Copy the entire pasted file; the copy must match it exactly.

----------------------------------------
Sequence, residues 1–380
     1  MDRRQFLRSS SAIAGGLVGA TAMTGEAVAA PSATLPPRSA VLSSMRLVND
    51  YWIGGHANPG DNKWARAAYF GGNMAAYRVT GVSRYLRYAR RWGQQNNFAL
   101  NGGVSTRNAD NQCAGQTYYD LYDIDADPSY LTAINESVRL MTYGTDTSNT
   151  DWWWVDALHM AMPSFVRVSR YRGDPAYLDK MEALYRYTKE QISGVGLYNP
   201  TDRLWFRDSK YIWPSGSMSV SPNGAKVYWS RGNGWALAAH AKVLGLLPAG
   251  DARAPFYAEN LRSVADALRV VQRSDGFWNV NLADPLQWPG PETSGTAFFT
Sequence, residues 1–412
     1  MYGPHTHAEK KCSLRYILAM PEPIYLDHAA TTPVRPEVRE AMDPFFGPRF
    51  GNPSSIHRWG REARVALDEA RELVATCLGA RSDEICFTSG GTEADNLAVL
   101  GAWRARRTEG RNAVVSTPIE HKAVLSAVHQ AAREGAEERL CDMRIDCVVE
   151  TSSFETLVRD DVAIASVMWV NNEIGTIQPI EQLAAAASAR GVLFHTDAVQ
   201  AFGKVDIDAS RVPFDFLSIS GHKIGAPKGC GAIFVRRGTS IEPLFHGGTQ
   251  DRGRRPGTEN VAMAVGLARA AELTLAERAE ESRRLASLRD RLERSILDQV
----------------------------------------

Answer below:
Sequence, residues 1–380
     1  MDRRQFLRSS SAIAGGLVGA TAMTGEAVAA PSATLPPRSA VLSSMRLVND
    51  YWIGGHANPG DNKWARAAYF GGNMAAYRVT GVSRYLRYAR RWGQQNNFAL
   101  NGGVSTRNAD NQCAGQTYYD LYDIDADPSY LTAINESVRL MTYGTDTSNT
   151  DWWWVDALHM AMPSFVRVSR YRGDPAYLDK MEALYRYTKE QISGVGLYNP
   201  TDRLWFRDSK YIWPSGSMSV SPNGAKVYWS RGNGWALAAH AKVLGLLPAG
   251  DARAPFYAEN LRSVADALRV VQRSDGFWNV NLADPLQWPG PETSGTAFFT
Sequence, residues 1–412
     1  MYGPHTHAEK KCSLRYILAM PEPIYLDHAA TTPVRPEVRE AMDPFFGPRF
    51  GNPSSIHRWG REARVALDEA RELVATCLGA RSDEICFTSG GTEADNLAVL
   101  GAWRARRTEG RNAVVSTPIE HKAVLSAVHQ AAREGAEERL CDMRIDCVVE
   151  TSSFETLVRD DVAIASVMWV NNEIGTIQPI EQLAAAASAR GVLFHTDAVQ
   201  AFGKVDIDAS RVPFDFLSIS GHKIGAPKGC GAIFVRRGTS IEPLFHGGTQ
   251  DRGRRPGTEN VAMAVGLARA AELTLAERAE ESRRLASLRD RLERSILDQV